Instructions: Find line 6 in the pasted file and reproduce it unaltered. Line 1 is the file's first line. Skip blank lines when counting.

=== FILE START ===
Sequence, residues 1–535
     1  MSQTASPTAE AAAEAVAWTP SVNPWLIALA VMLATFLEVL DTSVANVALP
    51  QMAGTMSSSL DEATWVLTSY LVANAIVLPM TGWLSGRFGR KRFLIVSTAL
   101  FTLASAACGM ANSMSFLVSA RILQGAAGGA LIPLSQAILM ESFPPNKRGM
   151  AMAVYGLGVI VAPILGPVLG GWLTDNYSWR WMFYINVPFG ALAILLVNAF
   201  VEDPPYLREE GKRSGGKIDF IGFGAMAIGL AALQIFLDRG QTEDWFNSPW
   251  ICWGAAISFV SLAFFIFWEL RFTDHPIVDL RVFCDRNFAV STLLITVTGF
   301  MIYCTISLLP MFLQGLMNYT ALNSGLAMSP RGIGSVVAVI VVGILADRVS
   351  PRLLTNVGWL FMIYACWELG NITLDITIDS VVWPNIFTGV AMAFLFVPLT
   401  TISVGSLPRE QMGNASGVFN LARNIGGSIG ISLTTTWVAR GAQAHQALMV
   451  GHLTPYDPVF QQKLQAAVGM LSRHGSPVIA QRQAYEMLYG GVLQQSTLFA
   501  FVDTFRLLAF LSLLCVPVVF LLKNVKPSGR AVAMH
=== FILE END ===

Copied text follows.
   201  VEDPPYLREE GKRSGGKIDF IGFGAMAIGL AALQIFLDRG QTEDWFNSPW